Girls face a confounding double standard in juvenile courts. Of the juveniles referred to courts for the status offense of ungovernability, the majority are girls being referred for taking part in sexual behavior that their parents percieve as promiscuous. Society generally condemns female promiscuity while celebrating the same behavior in males. The sexual activity leading to the reports is not usually considered extreme or deviant when engaged in by teenage boys. This shifting standard could be an explanation for the disparities between male and female status offenders. A 1995 survey found that 27.5% of arrests of girls were for status offenses, but only 10.5% of arrests of boys were based on status offenses. A study in Connecticut showed that nearly twice as many girls faced status offender cases for sexual activity than boys, though Connecticut law does not specify between the sexes in its status offense law relating to sexual activity. An inordinate number of girls are entering the juvenile justice system for being sexually active while boys taking part in the same activities are left to continue with their childhood uninterrupted.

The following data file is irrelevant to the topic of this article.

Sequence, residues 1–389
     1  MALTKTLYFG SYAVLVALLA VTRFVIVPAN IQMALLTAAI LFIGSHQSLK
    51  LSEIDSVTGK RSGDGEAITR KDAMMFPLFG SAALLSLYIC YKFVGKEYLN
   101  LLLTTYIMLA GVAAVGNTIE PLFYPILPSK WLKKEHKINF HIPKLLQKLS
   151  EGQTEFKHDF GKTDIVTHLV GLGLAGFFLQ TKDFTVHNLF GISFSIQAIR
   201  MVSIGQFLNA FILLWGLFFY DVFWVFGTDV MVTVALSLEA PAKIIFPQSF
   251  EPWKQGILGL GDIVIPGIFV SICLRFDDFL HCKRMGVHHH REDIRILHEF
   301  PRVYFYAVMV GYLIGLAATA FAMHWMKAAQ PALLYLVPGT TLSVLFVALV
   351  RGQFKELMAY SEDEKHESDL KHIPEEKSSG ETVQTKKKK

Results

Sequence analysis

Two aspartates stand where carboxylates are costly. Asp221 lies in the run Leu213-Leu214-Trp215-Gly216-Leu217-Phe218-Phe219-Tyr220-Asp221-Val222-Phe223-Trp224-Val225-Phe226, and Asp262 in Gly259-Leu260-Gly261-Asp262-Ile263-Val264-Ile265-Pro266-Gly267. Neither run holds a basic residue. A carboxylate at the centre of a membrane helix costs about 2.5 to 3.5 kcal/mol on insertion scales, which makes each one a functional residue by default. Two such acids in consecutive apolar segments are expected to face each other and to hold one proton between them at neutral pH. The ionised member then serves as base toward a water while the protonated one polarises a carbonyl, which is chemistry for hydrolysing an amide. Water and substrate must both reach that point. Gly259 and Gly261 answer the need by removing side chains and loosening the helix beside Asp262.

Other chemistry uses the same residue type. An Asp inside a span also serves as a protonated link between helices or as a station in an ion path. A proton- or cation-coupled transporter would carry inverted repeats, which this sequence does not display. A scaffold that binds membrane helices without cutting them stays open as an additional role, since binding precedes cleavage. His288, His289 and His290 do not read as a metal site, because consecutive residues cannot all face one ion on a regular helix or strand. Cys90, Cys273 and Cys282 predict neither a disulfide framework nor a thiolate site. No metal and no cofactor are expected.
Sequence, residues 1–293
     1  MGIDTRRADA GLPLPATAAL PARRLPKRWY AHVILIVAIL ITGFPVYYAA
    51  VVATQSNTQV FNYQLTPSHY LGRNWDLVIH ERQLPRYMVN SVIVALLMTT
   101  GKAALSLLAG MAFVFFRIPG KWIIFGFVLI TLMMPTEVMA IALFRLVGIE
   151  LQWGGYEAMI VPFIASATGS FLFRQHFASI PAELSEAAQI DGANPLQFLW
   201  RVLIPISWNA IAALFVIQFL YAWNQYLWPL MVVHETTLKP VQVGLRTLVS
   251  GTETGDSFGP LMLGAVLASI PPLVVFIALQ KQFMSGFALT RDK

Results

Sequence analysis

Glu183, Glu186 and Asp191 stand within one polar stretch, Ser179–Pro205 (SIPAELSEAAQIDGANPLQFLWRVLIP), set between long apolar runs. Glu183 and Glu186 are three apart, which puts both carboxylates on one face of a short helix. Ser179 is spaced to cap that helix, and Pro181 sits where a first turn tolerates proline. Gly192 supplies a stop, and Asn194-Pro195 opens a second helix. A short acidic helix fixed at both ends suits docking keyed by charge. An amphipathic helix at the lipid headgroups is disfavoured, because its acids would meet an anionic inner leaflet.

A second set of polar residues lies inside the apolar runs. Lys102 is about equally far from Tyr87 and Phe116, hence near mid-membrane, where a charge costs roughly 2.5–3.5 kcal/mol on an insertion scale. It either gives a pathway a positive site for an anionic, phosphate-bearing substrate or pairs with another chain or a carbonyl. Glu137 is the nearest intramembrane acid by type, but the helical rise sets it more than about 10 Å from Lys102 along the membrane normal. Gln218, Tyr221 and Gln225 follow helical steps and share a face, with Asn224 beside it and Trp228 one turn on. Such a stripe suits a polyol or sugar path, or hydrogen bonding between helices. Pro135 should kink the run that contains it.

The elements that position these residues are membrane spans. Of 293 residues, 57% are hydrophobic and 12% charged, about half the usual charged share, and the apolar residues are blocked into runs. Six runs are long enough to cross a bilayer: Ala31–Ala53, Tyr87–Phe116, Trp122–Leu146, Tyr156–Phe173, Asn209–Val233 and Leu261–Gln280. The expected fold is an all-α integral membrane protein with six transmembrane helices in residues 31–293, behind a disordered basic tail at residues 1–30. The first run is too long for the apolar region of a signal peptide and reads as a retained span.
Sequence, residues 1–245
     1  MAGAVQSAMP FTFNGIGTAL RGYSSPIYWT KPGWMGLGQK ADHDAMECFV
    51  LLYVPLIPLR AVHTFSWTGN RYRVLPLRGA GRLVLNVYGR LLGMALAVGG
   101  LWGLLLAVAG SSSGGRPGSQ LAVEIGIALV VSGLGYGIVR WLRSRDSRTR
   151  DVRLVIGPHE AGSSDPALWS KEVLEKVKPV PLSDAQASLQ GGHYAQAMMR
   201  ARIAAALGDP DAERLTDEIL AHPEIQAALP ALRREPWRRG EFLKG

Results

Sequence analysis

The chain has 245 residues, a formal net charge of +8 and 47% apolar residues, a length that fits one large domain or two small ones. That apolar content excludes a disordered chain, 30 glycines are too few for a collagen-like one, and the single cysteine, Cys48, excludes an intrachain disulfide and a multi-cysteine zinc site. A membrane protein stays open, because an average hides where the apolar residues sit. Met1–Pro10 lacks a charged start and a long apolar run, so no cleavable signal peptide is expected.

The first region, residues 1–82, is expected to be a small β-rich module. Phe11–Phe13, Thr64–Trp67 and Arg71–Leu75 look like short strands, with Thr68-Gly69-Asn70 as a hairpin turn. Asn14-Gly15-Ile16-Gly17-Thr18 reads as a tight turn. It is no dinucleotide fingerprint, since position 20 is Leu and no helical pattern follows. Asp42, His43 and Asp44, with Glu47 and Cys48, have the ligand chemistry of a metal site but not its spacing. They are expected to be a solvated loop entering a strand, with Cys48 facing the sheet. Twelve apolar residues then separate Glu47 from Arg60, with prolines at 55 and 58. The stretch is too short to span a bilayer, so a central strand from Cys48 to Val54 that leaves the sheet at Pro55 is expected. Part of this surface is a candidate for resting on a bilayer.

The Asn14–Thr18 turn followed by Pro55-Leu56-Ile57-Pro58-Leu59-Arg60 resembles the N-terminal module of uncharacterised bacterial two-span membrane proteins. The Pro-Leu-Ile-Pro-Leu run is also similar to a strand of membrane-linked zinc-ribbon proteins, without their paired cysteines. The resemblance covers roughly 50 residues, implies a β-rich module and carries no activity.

The status offense system is used to control girls whom their parents suspect of promiscuous behavior. Generally, juvenile status offender cases against sexually active girls start when a parent refers their own child to the courts. These parents experience what has been referred to as a “reflexive reliance” on the courts to straighten out the girls. This ideal is complicated by the function of the juvenile system itself, wherein juveniles are deprived of their liberty like an adult in the traditional criminal system, but they are also treated as children in the deprivation of due process rights.
Once they enter the system for a status offense, it is all too easy for a girl to be adjudicated delinquent. Juveniles who commit status offenses cannot be incarcerated, but judges often “bootstrap” charges and incarcerate girls for violating court orders, transforming them from a status offender to a traditional delinquent. The status offense court order will typically include provisions relating to attending school, following a curfew, and obeying parental authority, but judges have discretion to include “almost anything” in those orders, as long as it fits with the admittedly broad standards of the best interests of the child. Girls who fail to comply fully with the status offender system are subjected to “increasingly punitive interventions” from the court, allowing charges to stack up against them. Something as simple as staying out a few minutes past curfew or skipping class can lead to a girl being incarcerated as a delinquent, right alongside other juvenile delinquents. The process of “bootstrapping” by juvenile judges has transformed the status offense system into a quasi-criminal system throughout most of the United States.